Show Tags

New post 04 Oct 2012, 13:52
10
5
Jp27 wrote:
A store sells a certain product at a fixed price per unit. At the product's current price, q units cost a total of exactly $300. If the price were lowered by $5 from its current value, then q + 2n units would cost exactly $300; if the price were raised by $5, then q – n units would cost exactly $300. What is the value of q?
A. 10
B. 15
C. 20
D. 25
E. 30

Is there any easy way to solve this problem? And is the real exam going to have these sort of problems?

Dear Jp27,

I'm happy to help with this. :-) This problem is very hard --- definitely an upper 700 level question. If you are doing very well on the Quant section, the CAT could feed you a question like this.

This question is a very challenging if you take an algebraic approach, but it's remarkably simple if you backsolve.

Let's start with (C).
Assume q = 20 units
If we can buy 20 units, they must cost a price of 300/20 = $15
Lower the price $5 to a new price of $10 --- then we could buy 300/10 = 30 units (10 more than the original case)
Raise the price $5 to a new price of $20 ---- then we could buy 300/20 = 15 units (5 fewer than the original case)

This is the case for which we are looking ----- the increase in units from a $5 decrease in price is twice as much as the decrease in units from a $5 increase in price.

Does this make sense?

Mike :-)
_________________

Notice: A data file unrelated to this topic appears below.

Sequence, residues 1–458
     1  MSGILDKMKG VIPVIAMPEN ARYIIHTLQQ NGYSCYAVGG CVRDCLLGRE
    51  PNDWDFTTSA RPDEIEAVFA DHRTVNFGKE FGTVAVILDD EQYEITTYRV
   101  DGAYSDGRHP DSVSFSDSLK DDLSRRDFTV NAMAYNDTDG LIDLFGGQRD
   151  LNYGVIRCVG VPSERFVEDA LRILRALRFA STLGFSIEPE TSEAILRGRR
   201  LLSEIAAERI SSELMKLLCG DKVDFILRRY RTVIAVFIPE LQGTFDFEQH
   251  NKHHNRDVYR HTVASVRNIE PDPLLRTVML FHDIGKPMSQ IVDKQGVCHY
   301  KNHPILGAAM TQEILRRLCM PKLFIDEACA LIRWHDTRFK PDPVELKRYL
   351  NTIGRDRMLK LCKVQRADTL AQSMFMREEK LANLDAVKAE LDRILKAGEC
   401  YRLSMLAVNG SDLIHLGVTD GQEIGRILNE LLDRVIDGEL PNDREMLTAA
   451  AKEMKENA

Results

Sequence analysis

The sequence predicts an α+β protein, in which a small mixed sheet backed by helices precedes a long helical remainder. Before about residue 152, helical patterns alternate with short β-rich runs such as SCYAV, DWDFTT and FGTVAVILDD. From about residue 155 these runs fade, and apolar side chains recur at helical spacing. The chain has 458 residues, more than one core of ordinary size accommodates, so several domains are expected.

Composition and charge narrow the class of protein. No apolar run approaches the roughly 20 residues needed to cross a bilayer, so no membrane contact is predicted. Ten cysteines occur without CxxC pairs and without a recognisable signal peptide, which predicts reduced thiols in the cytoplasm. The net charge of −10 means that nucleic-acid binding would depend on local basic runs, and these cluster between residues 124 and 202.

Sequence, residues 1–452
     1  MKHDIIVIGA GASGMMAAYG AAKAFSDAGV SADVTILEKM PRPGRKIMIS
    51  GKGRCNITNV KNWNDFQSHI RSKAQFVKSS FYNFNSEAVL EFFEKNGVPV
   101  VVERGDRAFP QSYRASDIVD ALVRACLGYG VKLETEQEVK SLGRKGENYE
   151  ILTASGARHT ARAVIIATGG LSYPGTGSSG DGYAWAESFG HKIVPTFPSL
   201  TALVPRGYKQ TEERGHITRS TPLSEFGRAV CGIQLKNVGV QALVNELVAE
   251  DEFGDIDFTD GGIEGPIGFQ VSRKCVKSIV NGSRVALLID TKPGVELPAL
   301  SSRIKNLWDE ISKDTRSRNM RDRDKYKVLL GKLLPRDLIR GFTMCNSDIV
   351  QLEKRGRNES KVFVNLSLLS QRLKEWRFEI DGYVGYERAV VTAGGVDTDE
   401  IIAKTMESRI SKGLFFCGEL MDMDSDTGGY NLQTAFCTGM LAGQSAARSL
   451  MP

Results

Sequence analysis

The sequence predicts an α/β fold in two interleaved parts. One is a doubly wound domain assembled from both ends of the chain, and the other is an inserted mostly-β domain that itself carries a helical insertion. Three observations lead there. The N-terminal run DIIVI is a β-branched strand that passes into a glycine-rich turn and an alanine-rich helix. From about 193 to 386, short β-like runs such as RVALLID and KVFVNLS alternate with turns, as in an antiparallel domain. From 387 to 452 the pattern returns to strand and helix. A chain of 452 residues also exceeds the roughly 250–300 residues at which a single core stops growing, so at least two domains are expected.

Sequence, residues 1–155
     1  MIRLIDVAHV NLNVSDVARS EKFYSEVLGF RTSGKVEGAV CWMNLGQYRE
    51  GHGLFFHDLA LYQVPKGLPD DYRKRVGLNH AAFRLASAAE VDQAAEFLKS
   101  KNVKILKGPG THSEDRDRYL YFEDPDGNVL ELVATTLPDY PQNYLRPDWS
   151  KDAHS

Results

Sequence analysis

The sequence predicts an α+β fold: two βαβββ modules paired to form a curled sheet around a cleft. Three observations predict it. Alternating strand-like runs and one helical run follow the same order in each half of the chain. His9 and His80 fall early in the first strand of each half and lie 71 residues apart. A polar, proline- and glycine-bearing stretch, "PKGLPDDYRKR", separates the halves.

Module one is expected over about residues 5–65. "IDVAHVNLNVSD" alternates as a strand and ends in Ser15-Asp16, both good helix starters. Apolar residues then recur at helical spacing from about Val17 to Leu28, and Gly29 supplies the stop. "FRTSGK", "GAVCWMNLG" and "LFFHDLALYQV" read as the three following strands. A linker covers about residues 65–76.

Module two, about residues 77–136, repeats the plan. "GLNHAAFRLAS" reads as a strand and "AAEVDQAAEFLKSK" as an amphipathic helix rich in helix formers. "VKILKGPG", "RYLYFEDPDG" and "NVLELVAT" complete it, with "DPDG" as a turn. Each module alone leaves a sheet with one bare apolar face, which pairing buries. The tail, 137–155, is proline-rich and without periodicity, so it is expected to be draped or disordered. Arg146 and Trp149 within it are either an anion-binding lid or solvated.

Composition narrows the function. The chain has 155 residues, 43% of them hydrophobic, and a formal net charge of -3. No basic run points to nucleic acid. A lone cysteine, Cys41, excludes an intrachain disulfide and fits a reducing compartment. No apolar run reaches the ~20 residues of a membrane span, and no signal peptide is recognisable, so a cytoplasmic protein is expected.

Mike McGarry
Magoosh Test Prep


Education is not the filling of a pail, but the lighting of a fire. — William Butler Yeats (1865 – 1939)

Most Helpful Community Reply
Intern
Intern
avatar
Joined: 04 Dec 2012
Posts: 13
GMAT 1: 680 Q44 V38
Re: A store sells a certain product at a fixed price per unit. A  [#permalink]

Show Tags

New post 03 Mar 2013, 05:39
15
6
Hello !

I was reviewing some questions and I think this one is not as difficult as it seems. I solved it in less than 2 minutes using equations solving so I felt like it could be useful to other people :

We can write the following equations :

(1) pq = 300
(2) (q+2n)(p-5) = 300
(3) (q-n)(p+5) = 300

Distribute (2) and (3) :

(2) qp -5q +2np -10n = 300
(3) qp +5q -np - 5n = 300

Add them together :

(2) + (3) : 2qp +np -15n = 600
Thanks to (1) you get : np-15n = 0 or n(p-15) = 0

Since n can't be 0 ( it would mean that a lower or higher price doesn't affect the total price and quantities ) you have p-15 = 0 and p =15. With (1), you get q = 300/15 = 20

I know it seems time consuming but it worked for me. And I usually don't like picking numbers..
General Discussion
Senior Manager
Senior Manager
User avatar
Joined: 28 Jun 2009
Posts: 387
Location: United States (MA)
Re: A store sells a certain product at a fixed price per unit. A  [#permalink]

Show Tags

New post 04 Oct 2012, 14:09
2
It got too complicated when I used algebra. Using plugging in, it was quite fast.

Price Quantity total value
p q pq = 300
p-5 q+2n (p-5)(q+2n) = 300